Legal Question in Intellectual Property in California


I am not sure if this is a contract questsion or a ip question.

A friend sort of had an idea for a computer program. We agreed I would write it and he would market it. Like a dope I did not get the agreement in writing.I spend hours on research and adding additional features to the idea.

When I insisted that our agreement of a 50/50 split be in writing, we could not come to an agreement at all.

My questions is 1) can I market it on my own one when I finish it and 2) does he have any legal claim to it at all.

I think for what it is worth, since I have done about 90% of the work and added additional things to the idea, it is mine to do with as I please.

Thank you.


PS: I live in California.

Asked on 1/04/10, 9:16 am

3 Answers from Attorneys

Sarah Grosse Sarah Grosse, Esquire

I think a lawyer could effectively argue for your case, and it is possible you could win. It would be a litigation issue, though, which is expensive no matter who wins. Please see an IP attorney in Cali to advise you in the matter.

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Answered on 1/09/10, 9:35 am

Bryan Whipple Bryan R. R. Whipple, Attorney at Law

"Contract" is one of the branches of law when the classification is based on the relationship between the parties, and other branches are "torts" and "crimes." Contract cases are usually based on voluntarily-assumed obligations between the parties. "Intellectual property" is part of a classification based on type of property, and others would be real estate and personal property. These classification systems cross over, i.e., there can be crimes involving intellectual property and contracts involving real estate.

I'd suggest thinking about your situation as perhaps involving partnership law, which I suppose is a subspecies of contract law. Your business relationship seems to meet the test of being a partnership, and the test for the existence of a partnership does not require either an express agreement (written or oral) nor an intention to form a partnership; it only requires that there be two or more persons, working together in a for-profit business with the intention of sharing the profits. There's a bit more to it, but basically if your relationship was of this nature, partnership law probably applies.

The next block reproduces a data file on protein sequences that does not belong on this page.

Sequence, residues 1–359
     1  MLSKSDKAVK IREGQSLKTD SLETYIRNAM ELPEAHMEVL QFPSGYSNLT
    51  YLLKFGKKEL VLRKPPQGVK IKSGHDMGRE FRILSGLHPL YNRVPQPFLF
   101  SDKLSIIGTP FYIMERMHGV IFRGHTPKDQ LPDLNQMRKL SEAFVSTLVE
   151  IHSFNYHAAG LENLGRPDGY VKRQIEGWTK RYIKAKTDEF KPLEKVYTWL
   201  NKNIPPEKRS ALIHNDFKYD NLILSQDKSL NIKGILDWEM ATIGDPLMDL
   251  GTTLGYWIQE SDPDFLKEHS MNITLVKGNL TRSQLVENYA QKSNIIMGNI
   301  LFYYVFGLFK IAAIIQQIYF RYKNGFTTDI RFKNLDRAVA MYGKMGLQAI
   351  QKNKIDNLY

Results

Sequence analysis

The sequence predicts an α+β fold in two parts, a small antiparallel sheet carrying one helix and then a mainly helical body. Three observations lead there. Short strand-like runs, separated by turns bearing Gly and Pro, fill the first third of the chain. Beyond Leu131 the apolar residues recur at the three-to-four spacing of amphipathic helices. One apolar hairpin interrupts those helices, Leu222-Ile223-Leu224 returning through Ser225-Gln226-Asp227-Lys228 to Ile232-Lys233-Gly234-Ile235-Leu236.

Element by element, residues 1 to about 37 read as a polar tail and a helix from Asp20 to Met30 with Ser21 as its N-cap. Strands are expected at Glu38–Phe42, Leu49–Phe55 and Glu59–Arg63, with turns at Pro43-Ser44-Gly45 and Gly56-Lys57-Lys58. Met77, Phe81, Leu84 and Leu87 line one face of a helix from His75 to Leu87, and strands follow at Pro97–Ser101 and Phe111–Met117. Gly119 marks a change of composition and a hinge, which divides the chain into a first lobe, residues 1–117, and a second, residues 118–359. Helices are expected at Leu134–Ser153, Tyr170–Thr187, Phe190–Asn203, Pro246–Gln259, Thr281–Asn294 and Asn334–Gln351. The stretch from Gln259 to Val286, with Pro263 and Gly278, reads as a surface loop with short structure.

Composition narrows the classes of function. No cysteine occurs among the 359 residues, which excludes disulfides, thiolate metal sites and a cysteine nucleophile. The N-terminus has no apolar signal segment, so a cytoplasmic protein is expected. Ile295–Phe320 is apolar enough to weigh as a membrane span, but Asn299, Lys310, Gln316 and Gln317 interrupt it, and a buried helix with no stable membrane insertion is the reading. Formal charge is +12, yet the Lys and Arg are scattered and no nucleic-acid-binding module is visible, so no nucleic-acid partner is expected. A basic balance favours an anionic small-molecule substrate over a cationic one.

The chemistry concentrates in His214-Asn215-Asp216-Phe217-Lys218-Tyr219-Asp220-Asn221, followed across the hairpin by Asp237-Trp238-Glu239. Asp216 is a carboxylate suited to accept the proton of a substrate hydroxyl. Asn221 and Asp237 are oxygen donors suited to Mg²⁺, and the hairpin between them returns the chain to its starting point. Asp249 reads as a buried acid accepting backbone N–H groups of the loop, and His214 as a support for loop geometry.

If you have or had a partnership, the California version of the Revised Uniform Partnership Act (RUPA) would, in the absence of an express partnership agreement, govern your respective rights, obligations and duties. The RUPA contains provisions for contributions to partnership capital, definitions of dissociation and withdrawal by a partner, whether a withdrawal is rightful or wrongful, rights and duties of the remaining partner under both rightful and wrongful withdrawal scenarios, buyout provisions, and more.

The law is too complex to quote or apply to your facts here. Nevertheless, it is fairly straightforward, and it may be helpful for you to obtain and read (or at least skim) the RUPA. It is found in (of all places!) the Corporations Code, as sections 16100 to 16917.

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Answered on 1/09/10, 10:59 am
Cathy Cowin Law Offices of Cathy Cowin

There is no way to give you a satisfactory answer to your post because there are missing facts. The information you provided leads me to believe you may fall under California partnership law that provides for automatic provisions when two people enter into a joint venture without a written agreement and acted in reliance thereof. (The law does assume 50-50 unless otherwise provided.) There are other issues and additional facts could color this initial impression or change the nature of the remedy you would be seeking. Next steps are critical and depend on the current state of the relationship with your friend. If at all possible, it would be preferable to negotiate an outcome. You definitely need the advise of good counsel if this potential product is ever going to be marketed.

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Answered on 1/10/10, 9:49 am

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